At 9 months, I would *not* be looking at PF surgery - I'd be looking at aggressive conservative care.

Re: EPF surgery should probably be banned !!

J. King on 5/17/02 at 18:14 (084367)

I never knew had tricky a fascia release was until I came on this board. I was all set for surgery about a year ago and I backed out. Now I am glad I did but if the doctors nurse had have been more cooperative I would have done the release. Constant pain and disability will drive a person to make rash choices.

Re: EPF surgery should probably be banned !!

Ed Davis, DPM on 5/17/02 at 20:52 (084396)

A friend of mine in Louisiana is performing plantar fascial releases in the arch area--- sometimes called the 'arch procedure.' He described several failed EPF patients whom he successfully resolved with this procedure. He feels that those patients had medial fibers that were missed with EPF. Since the fibers converge as they course distally in the thick central band, he feels he is obtaining a complete release with the new procedure.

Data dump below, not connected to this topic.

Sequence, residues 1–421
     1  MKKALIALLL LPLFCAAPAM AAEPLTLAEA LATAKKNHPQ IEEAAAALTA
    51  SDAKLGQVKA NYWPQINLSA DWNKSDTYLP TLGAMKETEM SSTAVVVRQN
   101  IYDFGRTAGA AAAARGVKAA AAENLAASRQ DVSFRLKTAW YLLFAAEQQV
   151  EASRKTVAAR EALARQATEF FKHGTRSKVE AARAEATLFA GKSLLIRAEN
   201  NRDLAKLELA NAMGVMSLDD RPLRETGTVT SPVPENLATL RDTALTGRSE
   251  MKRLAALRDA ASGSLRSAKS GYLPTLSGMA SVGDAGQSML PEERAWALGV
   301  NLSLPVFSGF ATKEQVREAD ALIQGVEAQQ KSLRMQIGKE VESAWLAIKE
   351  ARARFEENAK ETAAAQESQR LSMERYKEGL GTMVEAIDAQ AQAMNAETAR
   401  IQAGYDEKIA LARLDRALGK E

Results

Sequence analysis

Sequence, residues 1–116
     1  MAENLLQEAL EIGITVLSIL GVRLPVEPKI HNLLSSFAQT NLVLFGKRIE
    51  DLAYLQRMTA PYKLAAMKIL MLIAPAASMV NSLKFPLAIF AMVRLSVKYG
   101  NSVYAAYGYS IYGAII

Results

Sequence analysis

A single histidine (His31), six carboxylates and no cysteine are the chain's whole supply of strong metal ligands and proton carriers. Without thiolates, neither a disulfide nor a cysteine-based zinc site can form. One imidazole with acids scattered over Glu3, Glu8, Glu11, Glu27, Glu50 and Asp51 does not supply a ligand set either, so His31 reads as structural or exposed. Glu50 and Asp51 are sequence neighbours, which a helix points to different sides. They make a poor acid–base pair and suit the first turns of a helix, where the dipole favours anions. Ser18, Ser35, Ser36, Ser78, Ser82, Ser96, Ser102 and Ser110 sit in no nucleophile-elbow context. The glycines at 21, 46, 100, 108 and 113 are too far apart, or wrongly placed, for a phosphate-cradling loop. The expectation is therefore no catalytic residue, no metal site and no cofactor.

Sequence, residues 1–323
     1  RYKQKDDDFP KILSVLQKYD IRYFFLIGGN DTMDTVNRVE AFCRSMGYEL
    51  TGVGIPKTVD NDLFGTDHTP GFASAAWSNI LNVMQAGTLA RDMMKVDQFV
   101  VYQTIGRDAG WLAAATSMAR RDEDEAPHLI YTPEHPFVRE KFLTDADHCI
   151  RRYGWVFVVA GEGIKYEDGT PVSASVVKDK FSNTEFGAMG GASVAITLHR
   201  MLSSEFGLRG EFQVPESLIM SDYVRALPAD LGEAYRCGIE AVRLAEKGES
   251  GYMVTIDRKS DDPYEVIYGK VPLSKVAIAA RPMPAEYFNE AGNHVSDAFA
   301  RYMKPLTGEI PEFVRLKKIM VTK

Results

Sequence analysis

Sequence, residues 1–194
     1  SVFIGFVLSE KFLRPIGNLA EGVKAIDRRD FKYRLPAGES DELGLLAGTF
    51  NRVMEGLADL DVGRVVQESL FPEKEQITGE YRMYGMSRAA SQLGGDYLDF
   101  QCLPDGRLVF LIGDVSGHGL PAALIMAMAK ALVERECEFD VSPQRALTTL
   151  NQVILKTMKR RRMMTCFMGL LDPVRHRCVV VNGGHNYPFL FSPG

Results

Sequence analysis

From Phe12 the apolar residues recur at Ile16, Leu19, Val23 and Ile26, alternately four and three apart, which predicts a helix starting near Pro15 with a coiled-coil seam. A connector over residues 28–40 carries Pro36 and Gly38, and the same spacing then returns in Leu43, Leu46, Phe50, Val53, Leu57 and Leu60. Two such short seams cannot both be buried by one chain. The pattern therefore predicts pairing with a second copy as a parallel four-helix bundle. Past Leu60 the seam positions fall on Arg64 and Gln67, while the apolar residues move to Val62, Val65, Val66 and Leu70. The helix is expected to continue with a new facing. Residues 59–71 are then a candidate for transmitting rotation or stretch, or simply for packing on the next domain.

Ed

Re: Opps, another EPF failure!

john h on 5/19/02 at 12:13 (084581)

Pamaela: Thanks for your take on the Bonati Institute. I always get worried when I see Doctors traveling around the nations giving seminars and soliciting patients from state to state. I guess in this Brave New World that is the way you do it. Certainly any surgery on the back where they do not cut through the large muscles sounds better than the traditional disectomy but I have not seen any data on these procedures.

Re: Opps, another EPF failure!

Pamela S on 5/20/02 at 15:27 (084690)

You can check out http://www.alphaklinik.com for their discussion on endoscopic nucleotomy. Bonati has a site as well; you'll have to search.